February 2, 2012

Still from Going Through 2010, Eric Fleischauer

via i like this art

February 2, 2012

‘Perhaps future police actions will be announced by an EMP blast, to clear the twittering airspace. Rogue journalists load film cameras as occupiers brace for the assault. The policeman’s mic declares the assembly unlawful. The burst is ineffective. The net interprets a gap in coverage as censorship and rushes to fill it. New drones buzz into position and an enterprising trike journalist, sensing a chance for a payday careens through the police line in the hopes of catching something good.’

- The Freelance Panoptiswarm, Tim Maly

February 1, 2012

Leafing through (with patterned autocorrect over employee’s hand).

From various pages of Our Wonderful Progress by Trumbull White (1902).

via The Art of Google Books

“I examine bar codes, wondering what it would be like to have only laser sight. I stare at handwriting until the loops and whorls stop being words, syllables, and even letters, and become no more than manic pulses brain wave transformed into muscle twitch, traced in the seismograph of our ink-hemorrhaging prosthetic appendages. I gaze at my city streets, running my eyes over the scars on its knees, feeling a refracted rainbow of urban skin interring a personal history of human frailty. I have a polymorphously perverted sense of physical praxis with objects. It’s not that I’m more object-curious or infrastructurally dirty-minded than most; it’s just that once you start to think about what things are wearing underneath their exterior semiotic reality, it’s pretty hard to calm down. Thankfully, the city invites my oddly tactile greeting, smiling and warming to my touch.”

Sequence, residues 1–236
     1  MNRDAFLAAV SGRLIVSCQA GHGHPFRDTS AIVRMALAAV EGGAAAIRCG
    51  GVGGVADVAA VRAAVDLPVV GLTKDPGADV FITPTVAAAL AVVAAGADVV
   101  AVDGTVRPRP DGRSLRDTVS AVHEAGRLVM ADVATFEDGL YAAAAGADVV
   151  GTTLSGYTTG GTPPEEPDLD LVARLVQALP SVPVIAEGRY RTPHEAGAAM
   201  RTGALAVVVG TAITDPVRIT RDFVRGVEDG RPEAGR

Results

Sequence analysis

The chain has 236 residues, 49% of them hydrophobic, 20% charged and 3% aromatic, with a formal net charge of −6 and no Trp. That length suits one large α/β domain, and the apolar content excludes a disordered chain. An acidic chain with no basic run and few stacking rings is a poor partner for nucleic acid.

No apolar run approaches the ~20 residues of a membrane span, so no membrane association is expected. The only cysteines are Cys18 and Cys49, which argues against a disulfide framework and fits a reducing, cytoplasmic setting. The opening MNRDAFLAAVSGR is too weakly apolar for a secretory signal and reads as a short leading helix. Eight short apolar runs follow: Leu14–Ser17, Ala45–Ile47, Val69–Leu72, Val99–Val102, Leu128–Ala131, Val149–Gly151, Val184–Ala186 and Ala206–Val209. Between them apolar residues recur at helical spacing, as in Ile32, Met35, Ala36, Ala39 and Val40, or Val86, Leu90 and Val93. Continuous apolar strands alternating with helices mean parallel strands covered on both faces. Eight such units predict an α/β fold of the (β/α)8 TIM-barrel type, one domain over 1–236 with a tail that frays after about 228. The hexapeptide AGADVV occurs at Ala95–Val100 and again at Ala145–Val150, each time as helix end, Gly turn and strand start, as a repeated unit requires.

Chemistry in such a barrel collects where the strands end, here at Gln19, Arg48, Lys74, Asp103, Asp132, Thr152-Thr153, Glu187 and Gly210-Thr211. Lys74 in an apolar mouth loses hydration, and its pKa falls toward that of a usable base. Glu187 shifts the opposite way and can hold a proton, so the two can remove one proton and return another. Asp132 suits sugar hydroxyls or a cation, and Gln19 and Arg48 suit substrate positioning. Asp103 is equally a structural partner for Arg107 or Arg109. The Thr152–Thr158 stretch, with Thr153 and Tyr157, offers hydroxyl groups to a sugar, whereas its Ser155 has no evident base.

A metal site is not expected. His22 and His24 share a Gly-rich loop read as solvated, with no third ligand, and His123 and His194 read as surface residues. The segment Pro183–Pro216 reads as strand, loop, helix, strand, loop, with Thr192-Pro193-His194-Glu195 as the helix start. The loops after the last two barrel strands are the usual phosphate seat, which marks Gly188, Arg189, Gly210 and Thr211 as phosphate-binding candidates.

“How many appliances in your house have a digital chime? Can you tell them apart? What do you gain from recognizing the voice of your coffee grinder, your toaster oven, and your iron? What are they telling you that you could not have gleaned from the smell of ground coffee, fresh toast, or a burned shirt?

I would rather my appliances and infrastructure danced for no reason, other than they feel sexy. I want machines to make nerdy inside jokes into street art. I want the Internet of Things to turn Things into Graffiti Artists, Dancers, and Street Performers. An unpredictable sense of humor and a good story about a scar makes a body more sexy than an exposed sexual organ and a symbolic sheen of lipstick.”

- excerpts from City of QR Codes, Adam Rothstein

January 28, 2012

Form Studies (MakerBot), Marius Watz


I want a MakerBot so I can print out poems in 3D. Carry them in my pockets. Rearrange them. Work them like worry beads. Create a new rosary.

January 26, 2012

12 Jan, from a prepared Kodak DC215 1 megapixel digital camera, Phillip Stearns, Year of the Glitch

’56. What makes good glitch art good is that, amidst a seemingly endless flood of images, it maintains a sense of the wilderness within the computer.’ — Hugh S. Manon and Daniel Temkin, Notes on Glitch

January 24, 2012

A foggy night in Odessa, Ukraine, when a digital billboard crashed and displayed a floating error warning in the night sky, via Tom A.



“Like most DARPA-sponsored projects, the Nano Air Vehicle ($TBA) isn’t the easiest item to describe. Under development by AV, it’s designed to be used in urban surveillance and reconnaissance missions, mimicking the biology of a hummingbird to achieve impressive statistics such as a hover endurance of eight minutes with no external power source, the ability to fly indoors and out, transitioning easily between the two, the ability to be controlled using nothing but the live video stream from the aircraft, and the ability to fly in windy conditions.”

via The New Aesthetic


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